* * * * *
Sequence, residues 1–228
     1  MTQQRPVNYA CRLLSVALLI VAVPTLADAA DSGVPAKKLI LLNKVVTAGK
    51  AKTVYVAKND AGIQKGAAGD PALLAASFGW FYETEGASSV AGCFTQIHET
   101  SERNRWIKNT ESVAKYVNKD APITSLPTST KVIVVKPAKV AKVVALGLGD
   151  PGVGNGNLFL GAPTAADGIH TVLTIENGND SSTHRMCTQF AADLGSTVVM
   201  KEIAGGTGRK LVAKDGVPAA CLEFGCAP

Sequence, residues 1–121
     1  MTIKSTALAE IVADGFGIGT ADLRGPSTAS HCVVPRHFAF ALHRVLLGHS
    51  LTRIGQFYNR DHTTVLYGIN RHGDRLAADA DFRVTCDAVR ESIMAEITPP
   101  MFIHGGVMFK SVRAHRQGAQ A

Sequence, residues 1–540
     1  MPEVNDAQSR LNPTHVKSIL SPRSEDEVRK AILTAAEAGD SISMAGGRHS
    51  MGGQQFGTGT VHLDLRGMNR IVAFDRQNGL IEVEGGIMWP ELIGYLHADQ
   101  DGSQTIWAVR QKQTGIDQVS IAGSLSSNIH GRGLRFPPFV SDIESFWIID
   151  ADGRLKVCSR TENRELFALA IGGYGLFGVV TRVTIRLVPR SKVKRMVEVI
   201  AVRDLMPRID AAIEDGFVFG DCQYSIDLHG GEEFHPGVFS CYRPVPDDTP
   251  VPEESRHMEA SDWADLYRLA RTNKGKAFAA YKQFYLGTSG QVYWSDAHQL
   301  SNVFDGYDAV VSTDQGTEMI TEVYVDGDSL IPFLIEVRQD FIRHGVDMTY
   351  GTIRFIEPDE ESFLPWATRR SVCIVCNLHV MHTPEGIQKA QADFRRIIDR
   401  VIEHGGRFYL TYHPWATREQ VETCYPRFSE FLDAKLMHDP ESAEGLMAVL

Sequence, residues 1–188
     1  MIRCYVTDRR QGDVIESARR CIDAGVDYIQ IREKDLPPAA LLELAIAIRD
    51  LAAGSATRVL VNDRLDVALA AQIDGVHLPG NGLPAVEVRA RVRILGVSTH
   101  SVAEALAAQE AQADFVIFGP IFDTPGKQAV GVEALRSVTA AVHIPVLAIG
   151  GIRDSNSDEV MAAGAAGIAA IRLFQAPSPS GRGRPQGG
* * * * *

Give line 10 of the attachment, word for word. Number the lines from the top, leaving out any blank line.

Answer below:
   101  MFIHGGVMFK SVRAHRQGAQ A